My ‘Freckles’ is scrambling through a bare tree peony and an ornamental spindle tree close to the house. It always provides me with a series of pendent Tiffany lamps in November. The later-flowering C. cirrhosa var. balearica flowers a month later. The dark, ferny foliage flatters a profusion of lightly spotted cream flowers. They’re not as large as ‘Freckles’, or as early, but you get far more. Only tidy these winter-flowering clematis after flowering, if you have to, and be aware that balearica can lose its leaves following a hot summer (it’s not dead, it’s just having a siesta).
On the ground
The perfect foot-hugger to plant at the base of your winter-flowering clematis is a winter-flowering iris named Iris unguicularis. It’s commonly called the Algerian winter iris, because it was originally introduced from Algeria in the 19th century by bulb collector and botanist Dean Herbert. It’s also found naturally in Turkey, Syria, Lebanon and Israel. These are hot spots, compared with Britain, so this winter gem needs a south-facing position, ideally against a wall. The best form is the deep violet-blue ‘Mary Barnard’, named after the woman who collected it from Algeria in 1937. ‘Walter Butt’ is a ghostly soft-grey and ‘Abington Purple’ a deeper violet.
These winter-flowering irises produce a clump of fine foliage. They take time to mature and gastropods are very fond of the flowers and buds. They have a Jekyll and Hyde personality, because they always look scruffy at the end of summer. Tidy them then, so that they look pristine when the first flower or two appears in November. If you pick ‘Mary Barnard’ in bud, she will unfurl in minutes. ‘Abington Purple’ doesn’t perform this magic act, sadly. They will all carry on throwing up a few flowers throughout winter, before having a final flourish in March or April.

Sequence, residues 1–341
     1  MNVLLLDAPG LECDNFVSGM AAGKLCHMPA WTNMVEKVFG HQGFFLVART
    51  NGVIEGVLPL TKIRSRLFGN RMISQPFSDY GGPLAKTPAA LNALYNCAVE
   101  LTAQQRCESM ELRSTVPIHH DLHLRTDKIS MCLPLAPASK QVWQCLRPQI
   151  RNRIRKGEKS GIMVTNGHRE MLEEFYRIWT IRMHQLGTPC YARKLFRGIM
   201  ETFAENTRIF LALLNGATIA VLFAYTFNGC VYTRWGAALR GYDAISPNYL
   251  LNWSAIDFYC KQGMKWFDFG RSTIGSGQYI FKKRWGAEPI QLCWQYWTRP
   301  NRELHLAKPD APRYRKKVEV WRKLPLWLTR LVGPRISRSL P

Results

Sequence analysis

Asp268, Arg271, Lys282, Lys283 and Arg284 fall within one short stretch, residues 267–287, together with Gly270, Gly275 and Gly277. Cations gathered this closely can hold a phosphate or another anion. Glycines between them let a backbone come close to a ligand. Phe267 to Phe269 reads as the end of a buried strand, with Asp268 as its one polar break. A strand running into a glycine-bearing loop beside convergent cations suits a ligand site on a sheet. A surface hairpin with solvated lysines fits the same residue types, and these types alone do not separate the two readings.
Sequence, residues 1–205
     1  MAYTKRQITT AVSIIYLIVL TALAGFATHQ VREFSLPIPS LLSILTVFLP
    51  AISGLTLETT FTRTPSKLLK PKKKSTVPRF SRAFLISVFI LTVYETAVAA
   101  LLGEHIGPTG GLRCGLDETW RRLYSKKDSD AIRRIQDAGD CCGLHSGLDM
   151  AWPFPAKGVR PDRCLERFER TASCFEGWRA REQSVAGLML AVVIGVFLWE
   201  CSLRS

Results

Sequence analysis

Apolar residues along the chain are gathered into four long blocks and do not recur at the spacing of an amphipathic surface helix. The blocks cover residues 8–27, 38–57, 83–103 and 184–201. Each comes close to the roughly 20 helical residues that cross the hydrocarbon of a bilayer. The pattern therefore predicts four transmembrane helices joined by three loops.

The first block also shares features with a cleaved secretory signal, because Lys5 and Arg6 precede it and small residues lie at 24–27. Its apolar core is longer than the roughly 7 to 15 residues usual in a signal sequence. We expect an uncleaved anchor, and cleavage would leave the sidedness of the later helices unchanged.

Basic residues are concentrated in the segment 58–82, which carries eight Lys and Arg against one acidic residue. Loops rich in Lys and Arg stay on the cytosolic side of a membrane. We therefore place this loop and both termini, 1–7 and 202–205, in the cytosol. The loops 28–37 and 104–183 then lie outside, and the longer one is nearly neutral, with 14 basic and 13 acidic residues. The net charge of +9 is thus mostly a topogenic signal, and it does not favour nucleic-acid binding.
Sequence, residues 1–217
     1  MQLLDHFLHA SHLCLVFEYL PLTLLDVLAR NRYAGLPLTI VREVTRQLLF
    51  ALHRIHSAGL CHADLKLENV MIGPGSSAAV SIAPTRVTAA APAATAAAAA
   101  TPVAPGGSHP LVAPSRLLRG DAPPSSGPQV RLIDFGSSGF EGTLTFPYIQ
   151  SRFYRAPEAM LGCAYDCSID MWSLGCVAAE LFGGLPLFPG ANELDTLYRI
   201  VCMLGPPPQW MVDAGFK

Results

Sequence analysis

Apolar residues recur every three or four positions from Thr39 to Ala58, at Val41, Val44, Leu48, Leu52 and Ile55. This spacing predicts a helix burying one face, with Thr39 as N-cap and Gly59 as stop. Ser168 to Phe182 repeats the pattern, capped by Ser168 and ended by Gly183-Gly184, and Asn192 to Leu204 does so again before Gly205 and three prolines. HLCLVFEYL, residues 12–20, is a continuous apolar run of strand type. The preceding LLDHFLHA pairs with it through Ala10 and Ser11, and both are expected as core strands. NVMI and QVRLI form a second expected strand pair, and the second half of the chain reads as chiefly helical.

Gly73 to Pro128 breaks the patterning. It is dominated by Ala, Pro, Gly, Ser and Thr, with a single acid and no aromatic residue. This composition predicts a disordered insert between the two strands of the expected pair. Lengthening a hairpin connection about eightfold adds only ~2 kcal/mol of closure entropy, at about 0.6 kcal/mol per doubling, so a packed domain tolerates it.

Nerine bowdenii, a hardy nerine from South Africa, also carries on into November and I am very fond of the strident pinks, which look positively electric in low light. ‘Pink Triumph’ is later to flower than most but it gives a burst of bright colour. They all resemble agapanthus in flower form.
Hesperantha coccinea ‘Sunrise’ also has a South African provenance, but this spire of saucer-like flowers loves summer moisture at the root. Mine are sulking following 2022’s dry conditions.
Bulbous plants for November flower
The round box balls close to my house drain the soil and offer shelter to several autumn performers. Cyclamen hederifolium, the ivy-leaved cyclamen is very hardy and long-lived and it combines flower and attractive foliage. Silvered forms mingle among the black strappy leaves of Ophiopogon planiscapus ‘Nigrescens’.
I’m currently enjoying some autumn-flowering snowdrops, Galanthus elwesii ‘Barnes’, ‘Remember, Remember’ and ‘Autumn Magic’ are in full flow now. G. reginae-olgae ‘Tilebarn Jamie’ has been flowering for weeks and the buds of ‘Peter Gatehouse’ are almost open. Narcissus ‘Cedric Morris’ is also in bud. They’re proof that the garden is still alive and well – despite the weather.